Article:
- 3 celery stalks, cut in 1-inch sticks
- 3 carrots, cut in 1-inch sticks
- 1 medium cauliflower, cut into small pieces
- 1/2 cup salt
For the marinade
- 2 garlic clovered, thinly sliced
- 3 tsp dried oregano
- 1 tsp red pepper flakes
- 1/2 tsp celery seeds
- 1/2 tsp coriander seeds
- 1 tsp crushed black peppercorns
- 2 bay leaves
- 1 cup white vinegar
- 1 cup olive oil or grapeseed oil
- In a large glass bowl, toss the vegetables and salt until well-mixed.
- Add enough water to cover the vegetables, and allow to marinade in the brine for 10 to 12 hours.
Drain the vegetables and rinse thoroughly.
- Sterilize 2 quart-size glass jars with lids. In one sterilized jar, combine the vinaigrette
ingredients and spices. Shake well to emulsify. Pour half of the dressing into the other jar,
distributing the spices evenly between the two jars. Pack the vegetables into jars, making sure
the various ingredients are distributed evenly. Make sure the vegeetables are completely covered
with the marinade.
- Attach lids onto the jars and refrigerate. Let marinade for several days before serving.
Central Grocery Olive Salad
from The Gumbopages
- 1 gallon of large pimento-stuffed green olives, slightly crushed and well drained
- 1 quart jar pickled cauliflower, drained and sliced
- 2 small jars capers, drained
- 1 whole stalk celery, sliced diagonally
- 4 large carrots, peeled and thinly sliced diagonally
- 1 small jar celery seeds
- 1 small jar oregano
- 1 large head fresh garlic, peeled and minced
- 1 tsp freshly ground black pepper
- 1 jar pepperoncini, drained and left whole
- 1 pound large Greek black olives
- 1 jar cocktail onions, drained
- Combine all ingredients in a large bowl or pot and mix well.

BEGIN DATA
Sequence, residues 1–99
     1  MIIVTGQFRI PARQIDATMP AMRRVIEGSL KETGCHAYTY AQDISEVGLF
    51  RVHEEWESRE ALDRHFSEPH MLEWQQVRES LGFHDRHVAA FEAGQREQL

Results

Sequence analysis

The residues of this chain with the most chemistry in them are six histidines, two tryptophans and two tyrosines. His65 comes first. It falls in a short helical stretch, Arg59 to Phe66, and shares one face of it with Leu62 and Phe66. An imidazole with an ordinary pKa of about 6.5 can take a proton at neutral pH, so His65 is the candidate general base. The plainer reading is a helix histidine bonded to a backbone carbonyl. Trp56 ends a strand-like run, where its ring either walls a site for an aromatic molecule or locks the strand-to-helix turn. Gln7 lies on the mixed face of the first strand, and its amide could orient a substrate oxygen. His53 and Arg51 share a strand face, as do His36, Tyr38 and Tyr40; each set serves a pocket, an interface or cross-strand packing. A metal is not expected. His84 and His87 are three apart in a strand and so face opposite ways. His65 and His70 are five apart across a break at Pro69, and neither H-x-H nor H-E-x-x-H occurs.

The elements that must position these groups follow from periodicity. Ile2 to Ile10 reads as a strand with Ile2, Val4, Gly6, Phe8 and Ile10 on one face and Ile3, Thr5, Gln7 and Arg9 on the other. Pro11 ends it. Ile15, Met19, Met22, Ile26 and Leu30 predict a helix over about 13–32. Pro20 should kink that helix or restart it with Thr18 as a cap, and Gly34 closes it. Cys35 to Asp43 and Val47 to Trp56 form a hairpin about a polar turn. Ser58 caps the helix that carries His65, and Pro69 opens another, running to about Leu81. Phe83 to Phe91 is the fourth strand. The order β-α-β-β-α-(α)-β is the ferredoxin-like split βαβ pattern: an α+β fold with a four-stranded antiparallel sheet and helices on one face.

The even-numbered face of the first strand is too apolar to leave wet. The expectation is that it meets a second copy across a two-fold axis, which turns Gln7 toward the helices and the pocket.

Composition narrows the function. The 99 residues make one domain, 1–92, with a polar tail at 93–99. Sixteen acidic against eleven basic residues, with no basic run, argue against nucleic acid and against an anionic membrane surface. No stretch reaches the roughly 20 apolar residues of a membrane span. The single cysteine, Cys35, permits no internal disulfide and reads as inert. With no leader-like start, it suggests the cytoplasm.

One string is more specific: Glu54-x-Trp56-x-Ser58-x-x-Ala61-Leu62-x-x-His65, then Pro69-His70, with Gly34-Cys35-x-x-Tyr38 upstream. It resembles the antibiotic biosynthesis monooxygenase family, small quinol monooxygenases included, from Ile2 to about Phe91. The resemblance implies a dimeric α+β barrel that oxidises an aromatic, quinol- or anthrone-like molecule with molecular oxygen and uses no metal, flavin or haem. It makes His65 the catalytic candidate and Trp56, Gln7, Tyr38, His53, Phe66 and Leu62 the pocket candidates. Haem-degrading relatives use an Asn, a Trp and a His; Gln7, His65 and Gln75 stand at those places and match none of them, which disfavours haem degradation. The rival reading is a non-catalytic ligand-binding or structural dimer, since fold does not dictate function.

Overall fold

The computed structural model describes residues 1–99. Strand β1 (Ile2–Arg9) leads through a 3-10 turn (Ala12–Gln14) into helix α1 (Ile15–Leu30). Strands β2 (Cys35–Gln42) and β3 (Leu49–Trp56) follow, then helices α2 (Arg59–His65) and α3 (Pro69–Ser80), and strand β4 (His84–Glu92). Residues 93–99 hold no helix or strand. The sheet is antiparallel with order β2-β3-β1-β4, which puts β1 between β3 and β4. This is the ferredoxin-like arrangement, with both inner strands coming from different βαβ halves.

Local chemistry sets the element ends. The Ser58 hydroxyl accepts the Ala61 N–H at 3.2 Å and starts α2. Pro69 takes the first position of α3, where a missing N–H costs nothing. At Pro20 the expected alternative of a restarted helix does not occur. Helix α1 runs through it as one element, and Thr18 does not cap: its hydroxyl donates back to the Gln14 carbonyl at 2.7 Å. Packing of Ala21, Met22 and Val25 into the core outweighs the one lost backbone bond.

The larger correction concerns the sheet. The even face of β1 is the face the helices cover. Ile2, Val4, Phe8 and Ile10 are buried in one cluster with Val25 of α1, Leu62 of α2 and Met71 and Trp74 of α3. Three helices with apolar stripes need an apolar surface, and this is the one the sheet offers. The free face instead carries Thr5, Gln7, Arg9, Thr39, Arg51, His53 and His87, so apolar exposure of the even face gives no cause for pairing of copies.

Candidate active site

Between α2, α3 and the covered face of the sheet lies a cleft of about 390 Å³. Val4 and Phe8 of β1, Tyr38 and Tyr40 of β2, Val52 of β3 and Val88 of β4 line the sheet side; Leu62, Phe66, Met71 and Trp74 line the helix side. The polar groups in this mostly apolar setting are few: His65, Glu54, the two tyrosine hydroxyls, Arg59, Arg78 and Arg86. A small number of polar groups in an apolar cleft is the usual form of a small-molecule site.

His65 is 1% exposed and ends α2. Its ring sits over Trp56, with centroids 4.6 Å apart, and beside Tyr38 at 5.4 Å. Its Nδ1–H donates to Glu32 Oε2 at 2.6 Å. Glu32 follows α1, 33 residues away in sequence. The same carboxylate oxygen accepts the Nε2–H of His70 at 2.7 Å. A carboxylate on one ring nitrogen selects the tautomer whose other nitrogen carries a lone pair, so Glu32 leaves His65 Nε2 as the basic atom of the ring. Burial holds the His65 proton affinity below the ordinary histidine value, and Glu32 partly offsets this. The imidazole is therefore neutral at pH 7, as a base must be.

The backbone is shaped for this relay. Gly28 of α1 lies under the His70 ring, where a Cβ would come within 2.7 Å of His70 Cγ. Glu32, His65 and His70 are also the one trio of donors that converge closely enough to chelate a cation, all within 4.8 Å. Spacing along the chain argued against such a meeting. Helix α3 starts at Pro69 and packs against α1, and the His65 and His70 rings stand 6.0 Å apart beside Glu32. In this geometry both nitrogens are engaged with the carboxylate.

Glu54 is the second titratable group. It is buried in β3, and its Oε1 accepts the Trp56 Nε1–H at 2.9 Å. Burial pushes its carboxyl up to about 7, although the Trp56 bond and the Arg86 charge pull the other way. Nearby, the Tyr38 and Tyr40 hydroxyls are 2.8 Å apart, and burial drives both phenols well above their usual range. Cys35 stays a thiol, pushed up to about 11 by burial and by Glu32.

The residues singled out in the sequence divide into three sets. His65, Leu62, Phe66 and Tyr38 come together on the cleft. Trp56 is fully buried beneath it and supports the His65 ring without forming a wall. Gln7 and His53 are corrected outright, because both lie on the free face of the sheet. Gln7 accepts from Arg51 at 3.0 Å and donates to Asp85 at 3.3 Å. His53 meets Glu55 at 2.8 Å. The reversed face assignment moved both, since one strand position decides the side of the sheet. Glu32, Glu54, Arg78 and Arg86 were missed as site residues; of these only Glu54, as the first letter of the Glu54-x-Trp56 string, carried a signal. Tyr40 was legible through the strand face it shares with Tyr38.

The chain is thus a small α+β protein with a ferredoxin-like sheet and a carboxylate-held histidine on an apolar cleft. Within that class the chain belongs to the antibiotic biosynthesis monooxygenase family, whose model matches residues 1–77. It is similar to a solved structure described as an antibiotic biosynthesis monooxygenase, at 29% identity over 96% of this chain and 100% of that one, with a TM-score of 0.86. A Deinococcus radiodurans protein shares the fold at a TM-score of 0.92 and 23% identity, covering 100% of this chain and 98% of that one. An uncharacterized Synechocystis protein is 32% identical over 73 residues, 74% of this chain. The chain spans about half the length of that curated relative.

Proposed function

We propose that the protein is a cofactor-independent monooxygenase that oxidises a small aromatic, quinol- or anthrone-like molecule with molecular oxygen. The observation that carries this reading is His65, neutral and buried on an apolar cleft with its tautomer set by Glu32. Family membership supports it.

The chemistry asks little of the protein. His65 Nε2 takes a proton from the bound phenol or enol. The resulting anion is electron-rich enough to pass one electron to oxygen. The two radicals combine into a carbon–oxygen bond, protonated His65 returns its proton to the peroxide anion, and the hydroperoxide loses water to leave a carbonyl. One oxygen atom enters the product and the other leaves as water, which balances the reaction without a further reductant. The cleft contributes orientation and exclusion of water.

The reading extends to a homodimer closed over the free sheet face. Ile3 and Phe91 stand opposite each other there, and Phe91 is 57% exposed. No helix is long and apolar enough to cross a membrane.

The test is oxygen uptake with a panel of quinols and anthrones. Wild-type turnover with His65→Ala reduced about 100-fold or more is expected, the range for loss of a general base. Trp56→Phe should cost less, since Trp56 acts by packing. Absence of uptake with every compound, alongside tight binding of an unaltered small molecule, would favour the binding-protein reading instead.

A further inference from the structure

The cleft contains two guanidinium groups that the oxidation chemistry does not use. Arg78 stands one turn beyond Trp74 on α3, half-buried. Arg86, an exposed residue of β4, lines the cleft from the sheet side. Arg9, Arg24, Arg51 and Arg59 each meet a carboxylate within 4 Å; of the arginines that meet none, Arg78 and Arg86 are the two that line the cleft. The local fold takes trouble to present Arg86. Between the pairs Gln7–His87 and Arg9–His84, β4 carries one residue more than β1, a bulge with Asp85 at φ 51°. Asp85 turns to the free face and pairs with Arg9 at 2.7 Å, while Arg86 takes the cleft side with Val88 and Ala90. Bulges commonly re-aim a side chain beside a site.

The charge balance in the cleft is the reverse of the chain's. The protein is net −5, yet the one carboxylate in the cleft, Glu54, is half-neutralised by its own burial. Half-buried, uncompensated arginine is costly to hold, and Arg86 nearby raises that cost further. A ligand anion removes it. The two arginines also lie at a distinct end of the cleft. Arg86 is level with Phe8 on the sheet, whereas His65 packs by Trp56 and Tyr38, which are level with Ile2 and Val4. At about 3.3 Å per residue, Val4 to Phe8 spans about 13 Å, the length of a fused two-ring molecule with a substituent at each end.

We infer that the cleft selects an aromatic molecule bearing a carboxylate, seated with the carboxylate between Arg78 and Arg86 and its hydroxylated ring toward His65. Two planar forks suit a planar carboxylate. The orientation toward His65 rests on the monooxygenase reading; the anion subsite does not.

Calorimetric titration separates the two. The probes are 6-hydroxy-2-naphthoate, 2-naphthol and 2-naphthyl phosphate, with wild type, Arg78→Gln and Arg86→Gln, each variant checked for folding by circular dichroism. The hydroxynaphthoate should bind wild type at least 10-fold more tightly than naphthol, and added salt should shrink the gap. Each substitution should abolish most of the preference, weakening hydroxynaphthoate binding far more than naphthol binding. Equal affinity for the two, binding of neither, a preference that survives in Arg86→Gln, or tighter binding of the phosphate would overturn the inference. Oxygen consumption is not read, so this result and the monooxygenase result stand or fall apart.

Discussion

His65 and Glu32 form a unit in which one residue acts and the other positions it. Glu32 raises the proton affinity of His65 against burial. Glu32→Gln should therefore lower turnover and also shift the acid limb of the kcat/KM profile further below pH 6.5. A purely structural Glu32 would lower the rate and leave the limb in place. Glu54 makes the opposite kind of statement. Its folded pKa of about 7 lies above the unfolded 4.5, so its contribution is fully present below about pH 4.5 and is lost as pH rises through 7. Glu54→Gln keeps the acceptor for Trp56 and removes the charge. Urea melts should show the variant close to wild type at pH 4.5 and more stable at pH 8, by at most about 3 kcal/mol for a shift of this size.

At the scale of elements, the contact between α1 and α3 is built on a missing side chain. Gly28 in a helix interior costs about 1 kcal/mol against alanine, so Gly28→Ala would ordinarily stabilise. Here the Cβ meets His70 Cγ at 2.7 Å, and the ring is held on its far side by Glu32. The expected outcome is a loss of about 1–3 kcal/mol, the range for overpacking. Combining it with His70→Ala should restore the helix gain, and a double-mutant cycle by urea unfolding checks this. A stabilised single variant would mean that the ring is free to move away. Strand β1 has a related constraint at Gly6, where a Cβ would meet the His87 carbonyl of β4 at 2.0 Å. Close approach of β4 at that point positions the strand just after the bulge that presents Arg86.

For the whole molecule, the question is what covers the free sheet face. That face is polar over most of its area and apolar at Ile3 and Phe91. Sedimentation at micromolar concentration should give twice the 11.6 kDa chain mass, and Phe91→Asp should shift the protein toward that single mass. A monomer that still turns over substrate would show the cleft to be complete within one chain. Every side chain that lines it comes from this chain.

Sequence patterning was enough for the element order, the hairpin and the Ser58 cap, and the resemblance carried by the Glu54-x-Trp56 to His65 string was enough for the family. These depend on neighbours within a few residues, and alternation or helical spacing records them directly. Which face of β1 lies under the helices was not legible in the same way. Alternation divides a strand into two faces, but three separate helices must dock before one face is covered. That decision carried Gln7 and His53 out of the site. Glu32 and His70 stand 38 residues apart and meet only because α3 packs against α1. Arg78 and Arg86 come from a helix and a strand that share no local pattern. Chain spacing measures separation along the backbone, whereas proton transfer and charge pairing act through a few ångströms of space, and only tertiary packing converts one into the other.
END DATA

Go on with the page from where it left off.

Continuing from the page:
- Place in a large jar and cover with 1/2 olive oil and 1/2 Crisco vegetable oil.
Store tightly covered in refrigerator. Allow to marinate for at least 24 hours before using.
from The Chicago Tribune
- 6 jalapeños, thinly sliced
- 2 green and 2 red bell peppers, diced
- 1 celery rib, diced
- 1 carrot, diced
- 1 yellow onion, diced
- 1/2 head cauliflower, cut into florets
- 1/2 cup salt
- 3 cloves garlic, minced
- 1/2 cup stuffed green olives, chopped
- 2 1/2 tsp dried oregano
- 1/2 to 1 tsp red pepper flakes
- 1/2 tsp celery seeds
- Freshly ground black pepper
- 1 cup apple cider vinegar
- 1 cup extra-virgin olive oil
- Combine the jalapeño peppers, bell peppers, celery, carrot, onion and cauliflower florets
in a large bowl. Add the salt and stir. Add cold water to cover the vegetables,
and refrigerate 12 hours.
- Drain salt water. Combine the garlic, olives, oregano, red pepper flakes, celery seeds
and black pepper to taste.
- Pour the vinegar into a medium bowl, whisk in the seasonings and the olive oil.
Pour over the vegetable mixture; and toss lightly. Cover; refrigerate at least
48 hours before serving. The giardiniera will keep in the refrigerator for several weeks.
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Last updated: September 9, 2014